Pizza giant Domino's Australia has indicated an unnamed online ratings system was likely the source of a data leak that has seen its customers bombarded with spam emails over the past few weeks.
The leaked customer data has been used to give an appearance of legitimacy to the phishing emails, which include the customer's first name and the suburb in which they have ordered pizza in an attempt to provoke a response.
Domino's has attributed the data breach to a supplier but has declined to name the company involved.
However, in an update late yesterday CEO Don Meij said the company had matched the data accessed by the spammers to an unnamed online ratings system.
“This is the type of information that is contained in an online rating system managed by a former supplier, which suggests this may have been the source of the information. We are continuing to investigate this,” Meij said in a statement.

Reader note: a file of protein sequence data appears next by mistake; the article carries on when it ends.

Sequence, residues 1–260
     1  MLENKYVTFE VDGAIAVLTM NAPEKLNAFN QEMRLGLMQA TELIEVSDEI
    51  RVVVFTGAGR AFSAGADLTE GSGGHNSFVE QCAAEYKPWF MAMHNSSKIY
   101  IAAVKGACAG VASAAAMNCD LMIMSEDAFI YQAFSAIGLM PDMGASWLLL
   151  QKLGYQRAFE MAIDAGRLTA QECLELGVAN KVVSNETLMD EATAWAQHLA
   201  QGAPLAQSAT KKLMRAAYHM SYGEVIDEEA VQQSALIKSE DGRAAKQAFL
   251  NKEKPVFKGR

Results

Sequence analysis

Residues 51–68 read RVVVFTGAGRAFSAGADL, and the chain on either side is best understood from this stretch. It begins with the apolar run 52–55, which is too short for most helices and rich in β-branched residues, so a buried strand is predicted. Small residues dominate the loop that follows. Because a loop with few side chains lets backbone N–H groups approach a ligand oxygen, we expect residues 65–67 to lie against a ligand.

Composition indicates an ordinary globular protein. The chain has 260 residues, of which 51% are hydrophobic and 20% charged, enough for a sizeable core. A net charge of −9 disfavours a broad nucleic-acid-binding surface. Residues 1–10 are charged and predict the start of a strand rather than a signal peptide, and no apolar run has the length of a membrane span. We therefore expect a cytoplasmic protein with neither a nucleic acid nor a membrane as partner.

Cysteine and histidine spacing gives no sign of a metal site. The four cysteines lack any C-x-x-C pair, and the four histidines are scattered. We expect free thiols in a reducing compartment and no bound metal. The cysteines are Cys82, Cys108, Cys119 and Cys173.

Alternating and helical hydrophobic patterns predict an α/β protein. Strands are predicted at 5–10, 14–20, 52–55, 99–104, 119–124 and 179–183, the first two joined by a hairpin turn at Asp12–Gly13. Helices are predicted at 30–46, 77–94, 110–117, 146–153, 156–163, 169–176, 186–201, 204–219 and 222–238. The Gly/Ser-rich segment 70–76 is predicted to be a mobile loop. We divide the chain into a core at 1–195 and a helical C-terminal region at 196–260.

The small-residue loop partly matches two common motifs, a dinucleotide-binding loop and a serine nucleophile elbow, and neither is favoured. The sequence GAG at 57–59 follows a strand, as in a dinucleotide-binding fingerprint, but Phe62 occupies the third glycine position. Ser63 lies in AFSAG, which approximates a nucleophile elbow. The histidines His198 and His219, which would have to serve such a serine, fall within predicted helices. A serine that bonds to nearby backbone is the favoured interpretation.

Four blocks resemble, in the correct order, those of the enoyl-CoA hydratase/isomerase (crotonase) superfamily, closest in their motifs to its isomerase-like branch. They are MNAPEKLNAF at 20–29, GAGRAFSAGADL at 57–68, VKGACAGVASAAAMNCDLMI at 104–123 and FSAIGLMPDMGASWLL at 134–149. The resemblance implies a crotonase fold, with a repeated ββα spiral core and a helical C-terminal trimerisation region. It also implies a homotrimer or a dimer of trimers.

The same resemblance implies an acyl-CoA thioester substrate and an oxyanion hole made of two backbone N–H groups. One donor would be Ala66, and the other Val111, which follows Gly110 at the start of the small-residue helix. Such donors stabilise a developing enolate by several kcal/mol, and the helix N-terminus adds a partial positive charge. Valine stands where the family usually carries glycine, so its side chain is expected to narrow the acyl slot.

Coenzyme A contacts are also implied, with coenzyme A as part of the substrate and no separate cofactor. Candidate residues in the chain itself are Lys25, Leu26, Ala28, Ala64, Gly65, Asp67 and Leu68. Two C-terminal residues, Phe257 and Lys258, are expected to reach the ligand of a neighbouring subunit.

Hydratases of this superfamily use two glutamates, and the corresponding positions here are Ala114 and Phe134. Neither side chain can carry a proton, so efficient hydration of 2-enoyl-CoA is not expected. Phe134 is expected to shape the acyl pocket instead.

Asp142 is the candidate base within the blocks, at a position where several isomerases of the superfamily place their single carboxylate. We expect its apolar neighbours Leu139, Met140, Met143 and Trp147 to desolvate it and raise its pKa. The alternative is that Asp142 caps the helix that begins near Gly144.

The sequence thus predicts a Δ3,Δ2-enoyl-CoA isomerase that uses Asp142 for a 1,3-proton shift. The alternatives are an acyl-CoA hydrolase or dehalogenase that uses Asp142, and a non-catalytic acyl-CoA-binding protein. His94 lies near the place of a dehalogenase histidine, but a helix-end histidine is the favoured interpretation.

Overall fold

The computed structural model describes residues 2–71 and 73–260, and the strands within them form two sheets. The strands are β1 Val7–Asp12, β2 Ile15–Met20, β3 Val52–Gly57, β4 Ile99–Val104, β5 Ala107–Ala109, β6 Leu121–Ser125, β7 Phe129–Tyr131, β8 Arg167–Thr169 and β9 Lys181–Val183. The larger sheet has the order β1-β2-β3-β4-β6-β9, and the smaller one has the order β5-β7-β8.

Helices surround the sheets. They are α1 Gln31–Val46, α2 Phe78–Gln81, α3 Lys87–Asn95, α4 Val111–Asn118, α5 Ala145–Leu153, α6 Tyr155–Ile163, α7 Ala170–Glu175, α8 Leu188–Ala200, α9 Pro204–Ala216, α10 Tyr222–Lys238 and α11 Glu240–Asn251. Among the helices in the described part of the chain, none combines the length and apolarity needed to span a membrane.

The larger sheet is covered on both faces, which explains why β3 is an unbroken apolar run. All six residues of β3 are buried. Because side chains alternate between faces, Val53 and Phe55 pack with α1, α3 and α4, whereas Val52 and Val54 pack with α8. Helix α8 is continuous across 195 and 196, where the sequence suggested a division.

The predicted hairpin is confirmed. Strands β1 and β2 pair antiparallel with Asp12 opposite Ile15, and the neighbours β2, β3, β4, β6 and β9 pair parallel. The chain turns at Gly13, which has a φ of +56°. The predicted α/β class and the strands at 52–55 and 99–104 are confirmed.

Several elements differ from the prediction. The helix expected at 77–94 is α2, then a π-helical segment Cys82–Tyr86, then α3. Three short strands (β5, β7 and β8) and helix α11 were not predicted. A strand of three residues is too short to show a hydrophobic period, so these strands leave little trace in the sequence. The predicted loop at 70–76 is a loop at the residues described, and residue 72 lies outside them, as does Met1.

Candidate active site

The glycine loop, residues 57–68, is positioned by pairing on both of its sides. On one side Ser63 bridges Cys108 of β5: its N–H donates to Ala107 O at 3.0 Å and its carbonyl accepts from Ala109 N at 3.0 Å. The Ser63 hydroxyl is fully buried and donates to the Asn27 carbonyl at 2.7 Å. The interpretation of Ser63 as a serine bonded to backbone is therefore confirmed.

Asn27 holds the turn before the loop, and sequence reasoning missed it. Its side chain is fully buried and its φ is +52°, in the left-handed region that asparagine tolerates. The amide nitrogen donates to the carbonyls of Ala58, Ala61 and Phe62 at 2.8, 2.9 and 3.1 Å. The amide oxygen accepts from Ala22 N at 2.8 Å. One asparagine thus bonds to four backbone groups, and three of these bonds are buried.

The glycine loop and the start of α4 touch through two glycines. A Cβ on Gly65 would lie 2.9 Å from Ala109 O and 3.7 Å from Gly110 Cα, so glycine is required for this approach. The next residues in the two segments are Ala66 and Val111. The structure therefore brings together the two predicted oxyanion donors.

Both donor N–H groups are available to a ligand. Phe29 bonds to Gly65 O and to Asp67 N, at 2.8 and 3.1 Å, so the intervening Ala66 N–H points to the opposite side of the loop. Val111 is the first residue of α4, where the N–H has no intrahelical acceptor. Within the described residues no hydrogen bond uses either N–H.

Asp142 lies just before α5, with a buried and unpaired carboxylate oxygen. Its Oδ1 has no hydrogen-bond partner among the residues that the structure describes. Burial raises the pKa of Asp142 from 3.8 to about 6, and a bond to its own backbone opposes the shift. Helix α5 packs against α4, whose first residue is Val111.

“We understand that receiving an unknown email from a third party asking these details in this manner can be confronting and we share your concern about this.”
Domino's earlier said it had ended its agreement with this supplier in July.
The pizza giant had an arrangement with credit agency Equifax for marketing services, and Equifax's recent large-scale breach led to speculation the company was behind the Domino's leak. However, Equifax told iTnews it had no involvement in the incident.
Domino's maintains no "unauthorised access" to its systems has taken place and that no customer financial information was compromised.
It has declined to state how many customers were impacted by the breach.